The first time I ate gising-gising was at Chic-boy. I hadn’t heard of the dish before, I asked the girl at the counter what it was exactly and she said it was a spicy chop suey. Sounded good; we ordered it. Fast forward to several months later and Jeanette posted a recipe of gising-gising on her blog. Surprisingly, it was a simpler dish made with sitaw (yard-long beans), coconut milk and chilis. In her post, Jeanette referred to a recipe by Mec which has green beans (a.k.a. French beans but locally known as Baguio beans) and ground pork.
I searched the web for a more definitive version of gising-gising and found none. The common denominator is that all versions are spicy and that makes the name of the dish understandable — gising-gising translates to Wake up! Wake up! and the spiciness of the dish will really wake one up. I also found out that green beans rather than sitaw appear to be more commonly used for making the dish.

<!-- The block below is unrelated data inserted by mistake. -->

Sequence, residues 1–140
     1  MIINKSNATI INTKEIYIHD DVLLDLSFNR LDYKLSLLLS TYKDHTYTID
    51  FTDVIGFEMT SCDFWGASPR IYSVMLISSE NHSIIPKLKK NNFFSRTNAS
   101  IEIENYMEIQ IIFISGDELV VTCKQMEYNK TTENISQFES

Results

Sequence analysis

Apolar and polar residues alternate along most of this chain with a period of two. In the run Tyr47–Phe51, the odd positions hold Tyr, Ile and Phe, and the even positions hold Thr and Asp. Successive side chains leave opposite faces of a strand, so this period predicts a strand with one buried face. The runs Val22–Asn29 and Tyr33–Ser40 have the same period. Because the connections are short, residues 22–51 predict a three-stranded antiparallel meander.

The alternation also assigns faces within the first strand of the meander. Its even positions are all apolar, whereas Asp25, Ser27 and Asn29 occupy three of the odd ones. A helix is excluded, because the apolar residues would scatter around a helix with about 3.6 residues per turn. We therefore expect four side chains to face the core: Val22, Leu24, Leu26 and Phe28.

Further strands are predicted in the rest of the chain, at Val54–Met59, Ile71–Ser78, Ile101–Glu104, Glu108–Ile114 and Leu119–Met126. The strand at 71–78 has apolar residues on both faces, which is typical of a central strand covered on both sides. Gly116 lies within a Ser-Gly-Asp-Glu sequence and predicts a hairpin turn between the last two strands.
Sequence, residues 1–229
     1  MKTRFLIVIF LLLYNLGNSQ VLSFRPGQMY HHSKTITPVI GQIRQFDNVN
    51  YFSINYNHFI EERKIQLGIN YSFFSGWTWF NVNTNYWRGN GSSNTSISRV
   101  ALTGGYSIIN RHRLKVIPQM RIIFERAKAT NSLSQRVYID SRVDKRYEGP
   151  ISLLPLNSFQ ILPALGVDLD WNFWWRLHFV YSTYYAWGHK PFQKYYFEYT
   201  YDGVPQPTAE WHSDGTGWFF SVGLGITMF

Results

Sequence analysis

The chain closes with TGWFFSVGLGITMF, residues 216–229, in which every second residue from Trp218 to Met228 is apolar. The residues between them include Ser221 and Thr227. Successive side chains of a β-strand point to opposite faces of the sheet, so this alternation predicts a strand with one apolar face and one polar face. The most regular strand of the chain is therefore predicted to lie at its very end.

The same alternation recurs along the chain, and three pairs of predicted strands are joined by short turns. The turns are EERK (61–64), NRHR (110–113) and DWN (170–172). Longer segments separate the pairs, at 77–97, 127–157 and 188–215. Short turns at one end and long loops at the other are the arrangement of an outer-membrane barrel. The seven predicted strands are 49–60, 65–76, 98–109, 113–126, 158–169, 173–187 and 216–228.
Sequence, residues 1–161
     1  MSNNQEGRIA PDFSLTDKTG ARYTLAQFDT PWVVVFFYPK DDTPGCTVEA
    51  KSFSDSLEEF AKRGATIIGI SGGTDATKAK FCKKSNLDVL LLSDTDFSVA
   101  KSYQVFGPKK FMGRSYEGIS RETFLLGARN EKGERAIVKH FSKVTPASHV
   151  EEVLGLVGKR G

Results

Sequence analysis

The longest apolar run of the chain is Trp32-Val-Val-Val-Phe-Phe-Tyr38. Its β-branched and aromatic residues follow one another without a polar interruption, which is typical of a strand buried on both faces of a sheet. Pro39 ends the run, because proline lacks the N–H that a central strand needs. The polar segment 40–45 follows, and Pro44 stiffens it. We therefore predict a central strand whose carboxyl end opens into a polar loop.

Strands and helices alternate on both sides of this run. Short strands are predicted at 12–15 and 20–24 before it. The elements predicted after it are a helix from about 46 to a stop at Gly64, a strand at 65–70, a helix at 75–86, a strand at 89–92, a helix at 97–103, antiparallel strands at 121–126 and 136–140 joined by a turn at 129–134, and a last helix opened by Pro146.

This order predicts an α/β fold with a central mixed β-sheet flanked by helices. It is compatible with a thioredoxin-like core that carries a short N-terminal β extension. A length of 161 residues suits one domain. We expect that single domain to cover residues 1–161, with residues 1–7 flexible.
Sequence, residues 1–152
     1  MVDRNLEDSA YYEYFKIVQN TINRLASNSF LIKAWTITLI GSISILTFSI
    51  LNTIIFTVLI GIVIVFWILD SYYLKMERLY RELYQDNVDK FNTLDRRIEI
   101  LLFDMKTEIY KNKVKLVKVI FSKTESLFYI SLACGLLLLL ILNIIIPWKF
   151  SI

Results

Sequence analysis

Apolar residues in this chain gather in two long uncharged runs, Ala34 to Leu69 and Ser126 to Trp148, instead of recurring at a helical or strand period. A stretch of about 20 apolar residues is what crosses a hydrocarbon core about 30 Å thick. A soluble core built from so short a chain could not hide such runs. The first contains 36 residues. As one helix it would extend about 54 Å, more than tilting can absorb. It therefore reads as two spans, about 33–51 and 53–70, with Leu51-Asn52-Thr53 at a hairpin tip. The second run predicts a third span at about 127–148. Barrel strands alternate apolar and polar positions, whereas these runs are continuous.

My version of gising-gising uses green beans. But instead of ground pork, I used pork ears that had been boiled, chopped then pan fried until browned and crisp.
- 1 tablespoon cooking oil
- 1 pork ear simmered in salted water until tender then chopped (about a cup after chopping)
- 1 onion chopped
- 4 cloves garlic minced
- 1/2 teaspoon finely chopped ginger
- 2 tomatoes chopped
- 2 to 4 finger chilis depending on how spicy you want the dish
- patis (fish sauce) to taste
- 200 grams green beans stringed and cut into half-inch lengths
- 1 cup coconut milk
- 1 cup coconut cream
Heat the oil in a wok or frying pan.
Add the chopped pork. Cook over high heat, stirring occasionally, until browned.
Add the onion, garlic, ginger, tomatoes and chilis. Season with patis. Saute just until the vegetables start to soften.
Add the green beans. Pour in the coconut milk. Taste and add more patis.
Boil over medium heat, uncovered (to avoid curdling) and with occasional stirring, for about five minutes or until the green beans are done and the mixture is almost dry.
Pour in the coconut cream. Adjust the seasoning once more. Boil gently, still uncovered, for about two minutes.